If it’s not offensive, Merry Christmas! I hope you and your family had a wonderful Christmas and are having a joy-filled Christmas season.
That's a fair summary. Well done, carry on.
- The Bible and Sacred Tradition are silent about whether Jesus tried to dissuade Judas or not.
- Therefore, we have to make our own judgment.
- Jesus is God, so he could have stopped Judas (or whomever) from betraying him / killing him.
- Betraying / killing would cause heavy burden / eternal punishment, so Jesus should have stopped him.
- However, Jesus needed to be sacrificed so it makes sense that he chose not to stop Judas.
#4 is where we disagree, and I think our differing ideas on free will and the value of the individual determining their own future is the source of our difference. As we’ve been doing, I’ll continue with the teachings of the Catholic Church. (CCC nos. 1730-1742) God places enormous value on us making our own choices. From being made in his image and likeness we can determine our own actions based on reason and will. He calls us to choose Him (Sir 15:14-20) and allows us to choose otherwise.
Isn’t that how a good parent would behave? As my children grew older they had to make their own choices in more areas. They knew the good choices. If they made bad choices, then they accept the consequences. I don’t force my will upon them. If my son, God forbid, were to get involved in drugs and end up in jail, my heart would be ripped apart, but those are his choices. I would not lock him in his room or similar in order to stop him from that behavior.
However, according to you, that would be the appropriate behavior for me. Jesus should have forced his will upon Judas to stop him from betraying Jesus. You argue that the negative consequences Judas (or others) would experience outweigh the submission of their freedom, and that God should have made the choice for him, or, in other words, controlled his behavior. With your explanation of “freedom,” that can make sense because your description is in actuality not freedom.
If, as according to your description, my behavior is rooted in biology and history, then I am not free to choose my own future. In fact my future was essentially chosen before I was even born, and, taking that thinking to its logical conclusion, before anyone was born! Where we are today and where we will be in the future was written in the stuff of the Big Bang.
For this reason we can interpret Judas' actions as logical according to what he would have understood to be logical.
Well . . . maybe . . . regardless, though, logical doesn’t mean right.
First, Judas knew the difference between right and wrong. He was able to make his own choices and was responsible for those choices. He did not have autism or dementia.
Next, Judas chose to be a disciple of a teacher. This demands a particular relationship between the two, not unique to Jesus, which includes obedience. For a disciple to betray the teacher would be a terrible wrong. Today we may not think that way, but back then everyone would have thought that.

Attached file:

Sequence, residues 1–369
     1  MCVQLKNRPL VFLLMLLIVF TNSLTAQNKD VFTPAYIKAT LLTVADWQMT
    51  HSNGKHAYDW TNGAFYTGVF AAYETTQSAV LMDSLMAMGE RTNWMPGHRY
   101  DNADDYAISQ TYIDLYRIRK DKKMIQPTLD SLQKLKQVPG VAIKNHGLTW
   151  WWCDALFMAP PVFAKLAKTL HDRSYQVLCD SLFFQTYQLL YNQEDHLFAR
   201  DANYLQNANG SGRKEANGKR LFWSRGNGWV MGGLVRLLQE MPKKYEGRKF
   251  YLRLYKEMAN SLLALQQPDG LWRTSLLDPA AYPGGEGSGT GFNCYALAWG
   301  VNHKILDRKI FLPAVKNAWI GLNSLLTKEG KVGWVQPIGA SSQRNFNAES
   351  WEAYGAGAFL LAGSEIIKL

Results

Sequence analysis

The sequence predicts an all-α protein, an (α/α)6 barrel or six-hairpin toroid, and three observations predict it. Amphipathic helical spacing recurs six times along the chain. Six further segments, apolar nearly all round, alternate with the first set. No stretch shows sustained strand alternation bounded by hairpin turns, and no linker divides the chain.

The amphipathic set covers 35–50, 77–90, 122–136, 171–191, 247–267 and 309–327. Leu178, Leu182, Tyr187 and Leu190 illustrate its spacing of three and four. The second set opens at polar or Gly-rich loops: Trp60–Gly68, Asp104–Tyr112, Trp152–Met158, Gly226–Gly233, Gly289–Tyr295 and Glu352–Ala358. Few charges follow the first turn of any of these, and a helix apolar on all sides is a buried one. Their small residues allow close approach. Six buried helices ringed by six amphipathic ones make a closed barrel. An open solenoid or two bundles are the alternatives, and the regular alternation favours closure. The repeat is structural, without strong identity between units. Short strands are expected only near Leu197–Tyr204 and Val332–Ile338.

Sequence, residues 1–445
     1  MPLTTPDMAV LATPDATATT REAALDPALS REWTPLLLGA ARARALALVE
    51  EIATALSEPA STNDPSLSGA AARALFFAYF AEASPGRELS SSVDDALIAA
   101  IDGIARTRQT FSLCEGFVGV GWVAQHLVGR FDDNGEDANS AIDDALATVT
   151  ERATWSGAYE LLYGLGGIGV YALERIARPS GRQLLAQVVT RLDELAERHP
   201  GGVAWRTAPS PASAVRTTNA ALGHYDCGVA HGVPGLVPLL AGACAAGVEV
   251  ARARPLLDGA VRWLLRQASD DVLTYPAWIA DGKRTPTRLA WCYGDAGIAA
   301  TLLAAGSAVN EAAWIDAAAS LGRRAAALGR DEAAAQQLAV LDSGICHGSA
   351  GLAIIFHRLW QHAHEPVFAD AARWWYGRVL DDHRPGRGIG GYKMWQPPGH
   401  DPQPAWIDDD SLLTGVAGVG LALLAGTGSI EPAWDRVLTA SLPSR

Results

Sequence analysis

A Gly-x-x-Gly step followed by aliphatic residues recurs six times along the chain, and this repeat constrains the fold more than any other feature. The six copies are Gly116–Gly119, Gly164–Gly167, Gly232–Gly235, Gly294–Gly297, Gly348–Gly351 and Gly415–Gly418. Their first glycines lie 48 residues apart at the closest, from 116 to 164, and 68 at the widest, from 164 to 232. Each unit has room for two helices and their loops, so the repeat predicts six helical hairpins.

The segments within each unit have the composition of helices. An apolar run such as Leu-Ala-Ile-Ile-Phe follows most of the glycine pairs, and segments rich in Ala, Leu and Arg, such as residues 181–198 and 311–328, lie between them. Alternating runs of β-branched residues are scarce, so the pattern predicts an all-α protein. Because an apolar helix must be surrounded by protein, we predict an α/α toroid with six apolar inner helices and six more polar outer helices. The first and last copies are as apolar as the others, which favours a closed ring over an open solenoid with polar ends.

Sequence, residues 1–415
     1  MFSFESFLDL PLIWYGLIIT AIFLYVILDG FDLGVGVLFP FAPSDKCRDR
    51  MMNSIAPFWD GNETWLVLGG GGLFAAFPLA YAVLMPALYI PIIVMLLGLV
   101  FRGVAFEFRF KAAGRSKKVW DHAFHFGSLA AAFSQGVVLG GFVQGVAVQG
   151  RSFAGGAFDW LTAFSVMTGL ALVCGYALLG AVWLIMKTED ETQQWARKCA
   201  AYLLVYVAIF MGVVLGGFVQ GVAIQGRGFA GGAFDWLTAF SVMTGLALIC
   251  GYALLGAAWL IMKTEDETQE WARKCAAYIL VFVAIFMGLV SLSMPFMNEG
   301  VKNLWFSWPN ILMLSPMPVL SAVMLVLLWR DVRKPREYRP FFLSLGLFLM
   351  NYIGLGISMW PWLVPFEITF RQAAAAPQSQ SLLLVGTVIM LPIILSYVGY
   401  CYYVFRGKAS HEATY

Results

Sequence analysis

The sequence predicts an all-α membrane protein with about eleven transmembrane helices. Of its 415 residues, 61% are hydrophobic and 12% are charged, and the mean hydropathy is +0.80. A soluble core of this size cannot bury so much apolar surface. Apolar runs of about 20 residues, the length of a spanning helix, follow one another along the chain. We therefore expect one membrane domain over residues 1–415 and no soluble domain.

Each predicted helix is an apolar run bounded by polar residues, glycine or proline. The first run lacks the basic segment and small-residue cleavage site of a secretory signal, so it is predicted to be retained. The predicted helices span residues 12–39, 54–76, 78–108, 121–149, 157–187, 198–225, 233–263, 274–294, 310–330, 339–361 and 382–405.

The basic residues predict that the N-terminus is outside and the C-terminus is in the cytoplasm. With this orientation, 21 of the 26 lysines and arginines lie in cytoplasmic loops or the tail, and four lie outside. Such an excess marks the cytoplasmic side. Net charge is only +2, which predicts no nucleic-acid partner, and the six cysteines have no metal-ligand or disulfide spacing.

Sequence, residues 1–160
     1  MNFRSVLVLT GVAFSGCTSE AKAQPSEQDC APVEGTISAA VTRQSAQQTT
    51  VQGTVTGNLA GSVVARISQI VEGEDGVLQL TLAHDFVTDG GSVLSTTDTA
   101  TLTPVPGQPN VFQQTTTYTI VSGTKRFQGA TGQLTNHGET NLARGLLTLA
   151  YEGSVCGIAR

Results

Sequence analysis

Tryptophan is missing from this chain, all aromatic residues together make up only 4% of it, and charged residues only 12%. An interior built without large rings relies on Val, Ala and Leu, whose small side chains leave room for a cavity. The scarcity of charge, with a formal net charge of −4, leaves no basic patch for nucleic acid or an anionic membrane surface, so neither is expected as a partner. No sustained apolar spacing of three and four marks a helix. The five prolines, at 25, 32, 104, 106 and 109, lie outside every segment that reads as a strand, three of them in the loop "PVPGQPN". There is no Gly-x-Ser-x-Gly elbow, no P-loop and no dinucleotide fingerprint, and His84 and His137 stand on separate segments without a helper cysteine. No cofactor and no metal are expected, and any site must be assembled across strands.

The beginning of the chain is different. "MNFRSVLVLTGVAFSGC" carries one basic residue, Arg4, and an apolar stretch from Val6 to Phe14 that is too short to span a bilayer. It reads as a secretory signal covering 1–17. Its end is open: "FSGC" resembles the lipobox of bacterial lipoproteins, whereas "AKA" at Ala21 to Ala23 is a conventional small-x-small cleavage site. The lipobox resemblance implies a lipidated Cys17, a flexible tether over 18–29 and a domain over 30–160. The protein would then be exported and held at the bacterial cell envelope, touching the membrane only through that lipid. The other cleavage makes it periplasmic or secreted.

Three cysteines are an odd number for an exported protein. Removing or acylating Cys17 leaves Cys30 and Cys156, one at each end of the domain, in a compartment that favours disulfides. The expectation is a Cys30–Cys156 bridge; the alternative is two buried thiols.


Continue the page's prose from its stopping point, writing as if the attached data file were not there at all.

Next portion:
Finally, Judas was with Jesus, his teacher, for three years. He heard and saw the same things that the other eleven Apostles heard and that the women heard and that the many other disciples heard. He saw the miracles of healing, forgiveness of sins, walking on water, bringing back to life. He heard Jesus teaching about repentance, mercy and the Kingdom of God. He knew that Jesus was here to fulfill the Law. He knew that Jesus taught love of God, love of neighbor, and love of enemy. He heard Jesus’ command to love others as Jesus has loved them. That command implies a stronger, deeper love of Jesus for everyone that Judas would have experienced constantly in those three years. To betray someone who loved you that much is clearly wrong in any time and place.
But Judas wanted something other than what his teacher, who loved him completely, wanted or taught. People suggest that it was money or political upheaval, though those motives don’t seem to make much sense. Whatever it was, it was something that Judas wanted regardless of what his master wanted, or what the people would think.
If he wasn't fully intent on doing the second greatest sin ever (killing god), then his despair was unjustified.
That statement seems unjustified to me. People fall into despair and kill themselves over a lot less than killing God. Getting his teacher, who loved him very much, killed certainly could do it. Unfortunately, Judas did not believe in God’s mercy. He thought that his sin, whatever it was in his mind, was something that God could not forgive. If he had believed in God’s mercy, taught and demonstrated many times by his teacher, then he might have still kept the office of an Apostle.
How could Jesus have let him take that course, knowing the future and the intimate thoughts of Judas as he would?
I think we see now that our different understandings of free will are the source of our differences in answering this question. You see less value in individual freedom and responsibility, and that forcing someone to do something for their own good is acceptable. Of course, the logical extension is that becoming robotic slaves is okay as long as we are happy. I see that our individual freedom and responsibility is a gift from God and whether we are happy or not depends upon the choices we make.
I don’t think we have to agree on how to answer the question, but I think we can agree on how and why we don't agree.